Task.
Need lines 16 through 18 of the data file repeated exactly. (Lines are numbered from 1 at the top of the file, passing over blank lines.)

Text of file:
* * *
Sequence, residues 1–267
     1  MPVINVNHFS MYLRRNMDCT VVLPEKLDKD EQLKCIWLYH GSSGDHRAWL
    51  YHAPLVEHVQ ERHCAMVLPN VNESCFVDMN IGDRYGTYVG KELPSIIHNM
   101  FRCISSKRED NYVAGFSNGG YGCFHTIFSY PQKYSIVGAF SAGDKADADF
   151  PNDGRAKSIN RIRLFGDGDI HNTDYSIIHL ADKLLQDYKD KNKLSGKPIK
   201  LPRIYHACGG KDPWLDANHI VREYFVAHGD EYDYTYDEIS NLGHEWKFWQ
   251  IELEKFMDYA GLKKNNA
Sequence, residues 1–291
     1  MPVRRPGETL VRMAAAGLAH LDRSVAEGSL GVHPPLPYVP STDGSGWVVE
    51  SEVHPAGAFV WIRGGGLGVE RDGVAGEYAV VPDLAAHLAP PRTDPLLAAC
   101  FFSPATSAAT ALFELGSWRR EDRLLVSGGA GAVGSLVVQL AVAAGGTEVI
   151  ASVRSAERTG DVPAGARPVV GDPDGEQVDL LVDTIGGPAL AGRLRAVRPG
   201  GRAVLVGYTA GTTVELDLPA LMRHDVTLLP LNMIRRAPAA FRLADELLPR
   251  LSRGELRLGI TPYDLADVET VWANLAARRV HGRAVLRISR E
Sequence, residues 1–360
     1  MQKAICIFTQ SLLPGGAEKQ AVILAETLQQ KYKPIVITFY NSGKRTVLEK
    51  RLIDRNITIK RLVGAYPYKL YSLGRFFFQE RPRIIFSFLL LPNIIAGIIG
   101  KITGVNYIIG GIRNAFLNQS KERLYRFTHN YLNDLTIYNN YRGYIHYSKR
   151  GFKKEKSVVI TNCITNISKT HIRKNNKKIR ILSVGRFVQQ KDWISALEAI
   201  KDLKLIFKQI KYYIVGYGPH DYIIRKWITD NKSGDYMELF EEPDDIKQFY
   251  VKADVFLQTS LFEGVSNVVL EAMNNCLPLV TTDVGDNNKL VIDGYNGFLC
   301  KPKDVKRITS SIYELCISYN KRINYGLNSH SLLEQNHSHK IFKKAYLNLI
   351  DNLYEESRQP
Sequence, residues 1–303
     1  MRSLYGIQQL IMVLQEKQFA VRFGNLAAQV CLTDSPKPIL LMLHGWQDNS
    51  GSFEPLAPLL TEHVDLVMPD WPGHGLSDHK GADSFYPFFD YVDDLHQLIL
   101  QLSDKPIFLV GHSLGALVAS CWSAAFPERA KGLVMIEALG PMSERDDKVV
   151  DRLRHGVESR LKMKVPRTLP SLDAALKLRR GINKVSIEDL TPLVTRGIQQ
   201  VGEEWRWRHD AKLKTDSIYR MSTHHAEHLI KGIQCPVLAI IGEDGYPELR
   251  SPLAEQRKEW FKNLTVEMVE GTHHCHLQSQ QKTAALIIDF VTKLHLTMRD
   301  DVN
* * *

     1  MQKAICIFTQ SLLPGGAEKQ AVILAETLQQ KYKPIVITFY NSGKRTVLEK
    51  RLIDRNITIK RLVGAYPYKL YSLGRFFFQE RPRIIFSFLL LPNIIAGIIG
   101  KITGVNYIIG GIRNAFLNQS KERLYRFTHN YLNDLTIYNN YRGYIHYSKR